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Jarena Lee

That day was the first when my heart had believed, and my tongue had made confession unto salvation - the first words uttered, a part of that song, which shall fill eternity with its sound, was glory to God. For a few moments I had power to exhort sinners, and to tell of the wonders and of the goodness of Him who had clothed me with His salvation. During this the minister was silent, until my soul felt its duty had been performed, when he declared another witness of the power of Christ, to forgive sins on earth, was manifest in my conversion.

          — Religious Experience and Journal of Mrs. Jarena Lee

Biography / Criticism

Jarena Lee's sole contribution to literary history is her spiritual autobiography, first published as The Life and Religious Experience of Jarena Lee in 1836 and later revised and expanded as Religious Experience and Journal of Mrs. Jarena Lee in 1849. It is well documented that Lee was born to free but poor parents on February 11, 1783. Because of the economic circumstances of her family, Lee was sent off to work as a live-in servant when she was just seven. She did not see her family again for fourteen years.

By that time, she had embraced Christianity, experiencing conversion after hearing a sermon by Richard Allen, founder of the African Methodist Episcopal (A.M.E) Church. Immediately following her conversion, Lee was plagued by feelings of unworthiness. Lee fought these feelings through her faith and was rewarded by a sanctification process which Lee describes in her autobiography as having come upon her instantaneously: "As if lightening had darted through me, I sprang to my feet, and cried, 'The Lord has sanctified my soul!'" (132-133) With this sanctification process came a calling to preach the gospel.

Lee details in her writings her arguments for a woman's right to preach. These arguments are very much an early form of feminist theology. Her arguments were indeed eventually heeded by Richard Allen, and she was granted permission first to preach on the itinerary circuit and then to hold prayer meetings in her home, both huge concessions to be given a nineteenth century woman of any race.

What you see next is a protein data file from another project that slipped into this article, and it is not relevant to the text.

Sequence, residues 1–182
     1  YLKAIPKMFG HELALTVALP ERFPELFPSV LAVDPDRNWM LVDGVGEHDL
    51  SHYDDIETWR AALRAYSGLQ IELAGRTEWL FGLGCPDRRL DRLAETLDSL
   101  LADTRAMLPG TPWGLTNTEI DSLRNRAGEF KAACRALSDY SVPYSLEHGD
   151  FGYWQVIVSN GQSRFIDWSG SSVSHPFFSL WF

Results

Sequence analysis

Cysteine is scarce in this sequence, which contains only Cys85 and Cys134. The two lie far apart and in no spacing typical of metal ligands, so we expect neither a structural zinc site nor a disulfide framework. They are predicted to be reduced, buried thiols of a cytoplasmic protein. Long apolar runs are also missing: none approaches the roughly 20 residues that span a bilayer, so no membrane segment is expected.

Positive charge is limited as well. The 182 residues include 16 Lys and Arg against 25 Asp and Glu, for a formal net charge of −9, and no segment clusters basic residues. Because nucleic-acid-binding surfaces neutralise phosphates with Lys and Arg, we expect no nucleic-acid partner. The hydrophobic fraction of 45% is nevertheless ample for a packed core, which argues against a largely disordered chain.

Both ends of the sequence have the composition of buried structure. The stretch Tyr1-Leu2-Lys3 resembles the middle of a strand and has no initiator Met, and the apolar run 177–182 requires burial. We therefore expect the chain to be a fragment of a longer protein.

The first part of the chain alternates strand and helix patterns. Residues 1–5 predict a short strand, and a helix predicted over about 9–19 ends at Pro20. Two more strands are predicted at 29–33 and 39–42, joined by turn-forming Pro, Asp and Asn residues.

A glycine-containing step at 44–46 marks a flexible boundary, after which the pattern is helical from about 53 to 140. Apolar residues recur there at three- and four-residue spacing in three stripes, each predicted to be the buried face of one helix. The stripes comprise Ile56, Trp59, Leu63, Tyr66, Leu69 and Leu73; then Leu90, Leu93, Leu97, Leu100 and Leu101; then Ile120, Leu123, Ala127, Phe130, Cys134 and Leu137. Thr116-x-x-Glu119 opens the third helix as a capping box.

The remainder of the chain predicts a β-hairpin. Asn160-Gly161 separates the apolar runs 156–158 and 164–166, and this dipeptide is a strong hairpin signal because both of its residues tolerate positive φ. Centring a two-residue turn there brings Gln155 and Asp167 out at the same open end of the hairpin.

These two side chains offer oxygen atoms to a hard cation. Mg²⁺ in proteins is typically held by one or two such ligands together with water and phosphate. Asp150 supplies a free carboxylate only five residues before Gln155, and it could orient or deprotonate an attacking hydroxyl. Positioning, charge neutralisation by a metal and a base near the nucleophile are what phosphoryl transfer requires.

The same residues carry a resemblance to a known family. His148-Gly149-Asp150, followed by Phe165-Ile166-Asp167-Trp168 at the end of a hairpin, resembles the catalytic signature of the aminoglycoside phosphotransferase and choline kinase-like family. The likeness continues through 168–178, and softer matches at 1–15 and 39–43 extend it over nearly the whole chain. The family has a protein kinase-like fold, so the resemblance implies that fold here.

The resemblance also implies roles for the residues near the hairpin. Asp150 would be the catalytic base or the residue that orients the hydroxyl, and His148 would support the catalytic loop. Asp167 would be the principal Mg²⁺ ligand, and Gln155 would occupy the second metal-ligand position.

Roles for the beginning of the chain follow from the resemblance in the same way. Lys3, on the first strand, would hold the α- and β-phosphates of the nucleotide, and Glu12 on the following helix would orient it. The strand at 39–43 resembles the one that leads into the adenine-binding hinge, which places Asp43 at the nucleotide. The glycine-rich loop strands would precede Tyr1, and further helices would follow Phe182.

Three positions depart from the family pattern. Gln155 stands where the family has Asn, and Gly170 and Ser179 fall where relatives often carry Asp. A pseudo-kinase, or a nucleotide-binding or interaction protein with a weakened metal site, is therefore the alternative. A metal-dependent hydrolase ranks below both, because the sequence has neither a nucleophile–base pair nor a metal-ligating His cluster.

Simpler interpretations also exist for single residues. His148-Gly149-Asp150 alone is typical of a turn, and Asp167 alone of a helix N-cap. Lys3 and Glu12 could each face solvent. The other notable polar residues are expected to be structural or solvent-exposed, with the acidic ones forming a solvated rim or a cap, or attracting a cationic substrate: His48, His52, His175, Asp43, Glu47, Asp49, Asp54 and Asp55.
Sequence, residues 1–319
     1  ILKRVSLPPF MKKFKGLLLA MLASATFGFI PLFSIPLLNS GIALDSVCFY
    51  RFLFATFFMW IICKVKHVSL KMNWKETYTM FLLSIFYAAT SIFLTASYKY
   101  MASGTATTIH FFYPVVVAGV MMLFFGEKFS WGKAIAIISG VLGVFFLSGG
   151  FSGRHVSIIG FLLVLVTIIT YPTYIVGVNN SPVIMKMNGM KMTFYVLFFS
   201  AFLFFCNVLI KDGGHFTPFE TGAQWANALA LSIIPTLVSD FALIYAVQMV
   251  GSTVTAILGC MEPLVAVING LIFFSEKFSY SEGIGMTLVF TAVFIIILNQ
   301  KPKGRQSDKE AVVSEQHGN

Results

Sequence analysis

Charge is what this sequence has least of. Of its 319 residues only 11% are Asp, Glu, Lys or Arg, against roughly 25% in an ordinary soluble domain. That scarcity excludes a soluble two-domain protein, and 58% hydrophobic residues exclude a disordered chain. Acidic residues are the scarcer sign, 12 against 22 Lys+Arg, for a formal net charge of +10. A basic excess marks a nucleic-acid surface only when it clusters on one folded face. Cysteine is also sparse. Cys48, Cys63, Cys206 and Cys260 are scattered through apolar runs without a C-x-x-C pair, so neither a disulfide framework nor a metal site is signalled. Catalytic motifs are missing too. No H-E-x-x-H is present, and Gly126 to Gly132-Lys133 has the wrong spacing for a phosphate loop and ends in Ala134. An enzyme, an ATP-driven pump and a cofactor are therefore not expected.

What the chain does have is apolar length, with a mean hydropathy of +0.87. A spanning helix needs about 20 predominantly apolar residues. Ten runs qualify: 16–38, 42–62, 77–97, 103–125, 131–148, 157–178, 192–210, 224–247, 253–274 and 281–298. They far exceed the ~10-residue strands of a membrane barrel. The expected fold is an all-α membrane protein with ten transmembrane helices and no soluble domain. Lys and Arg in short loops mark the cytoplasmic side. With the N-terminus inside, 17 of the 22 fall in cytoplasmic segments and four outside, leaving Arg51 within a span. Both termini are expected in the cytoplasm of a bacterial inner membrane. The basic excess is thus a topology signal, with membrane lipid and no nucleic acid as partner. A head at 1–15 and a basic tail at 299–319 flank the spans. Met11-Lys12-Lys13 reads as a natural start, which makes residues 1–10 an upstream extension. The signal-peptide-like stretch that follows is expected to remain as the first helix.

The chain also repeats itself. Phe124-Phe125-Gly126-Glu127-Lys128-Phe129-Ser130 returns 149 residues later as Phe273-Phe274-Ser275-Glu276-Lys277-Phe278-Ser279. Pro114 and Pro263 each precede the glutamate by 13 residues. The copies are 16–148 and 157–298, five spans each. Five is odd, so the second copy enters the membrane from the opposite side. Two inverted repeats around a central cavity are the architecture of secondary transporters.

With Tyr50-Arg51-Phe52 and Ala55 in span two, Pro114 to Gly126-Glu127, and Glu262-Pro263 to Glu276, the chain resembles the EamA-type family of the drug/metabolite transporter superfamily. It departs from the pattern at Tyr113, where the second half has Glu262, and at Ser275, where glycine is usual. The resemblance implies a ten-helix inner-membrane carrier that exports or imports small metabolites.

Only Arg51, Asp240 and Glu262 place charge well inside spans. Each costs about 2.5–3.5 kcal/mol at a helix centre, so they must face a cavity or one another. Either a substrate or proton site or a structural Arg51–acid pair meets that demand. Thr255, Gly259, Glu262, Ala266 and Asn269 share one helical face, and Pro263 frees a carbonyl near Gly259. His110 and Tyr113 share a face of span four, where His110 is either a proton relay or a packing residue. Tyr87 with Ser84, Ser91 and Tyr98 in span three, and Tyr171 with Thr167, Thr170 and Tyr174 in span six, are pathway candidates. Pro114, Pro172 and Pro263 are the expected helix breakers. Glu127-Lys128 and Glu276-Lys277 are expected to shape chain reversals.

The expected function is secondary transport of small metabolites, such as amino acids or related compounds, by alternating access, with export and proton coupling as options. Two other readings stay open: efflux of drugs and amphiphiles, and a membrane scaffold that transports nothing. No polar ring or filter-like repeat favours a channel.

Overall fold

Before taking up her call to preach, however, Jarena Lee in 1811 married Joseph Lee, pastor of a small town church. A few years later, Lee found herself widowed and the single mother of two small children. Though suffering through the trials of caring for her children and of fending off her own illnesses, Jarena Lee answered her call to preach in earnest now that she was more free to travel.

Lee outlines in her autobiography her spiritual journey and trials. She gives very little space to revelations about her family or personal life. She does leave the reader with an impression of herself as an extremely strong woman, one who passes into dangerous slaveholding towns to preach the gospel, and one who stands up to the church leaders of her day, asserting her right to preach as a God-given gift that must--not should--be used. Some scholars consider her the first "licensed" woman preacher in the A.M.E. church.

There is no known record of Jarena Lee's death, or of the activities of her later years of life, for that matter. All information about her ends with the 1849 version of her spiritual autobiography. "For as unseemly as it may appear now-a-days for a woman to preach, it should be remembered that nothing is impossible with God. . .Did not Mary first preach the risen Savior. . . ?. . .Then did not Mary, a woman, preach the gospel?" From Jarena Lee's autobiography as reprinted in Sisters in the Spirit (36).

Selected Bibliography

Works by the Author

Works about the Author

Related Links

PBS Special on Africans in America
The site contains a brief biography of Jarena Lee and links to interviews with specialists on her work.

The Religious Experience and Journal of Mrs. Jarena Lee
This site contains a portrait of Jarina Lee as well as an excerpt from her book.

The Library of Congress's Women's Words and Where to Find Them
This site discusses women's first person narratives, including Lee's.

Report a dead link or suggest a new one by emailing voices@umn.edu.

Contributors

This page was researched and submitted by: Terry D. Novak, Ph.D. on 1/01/01.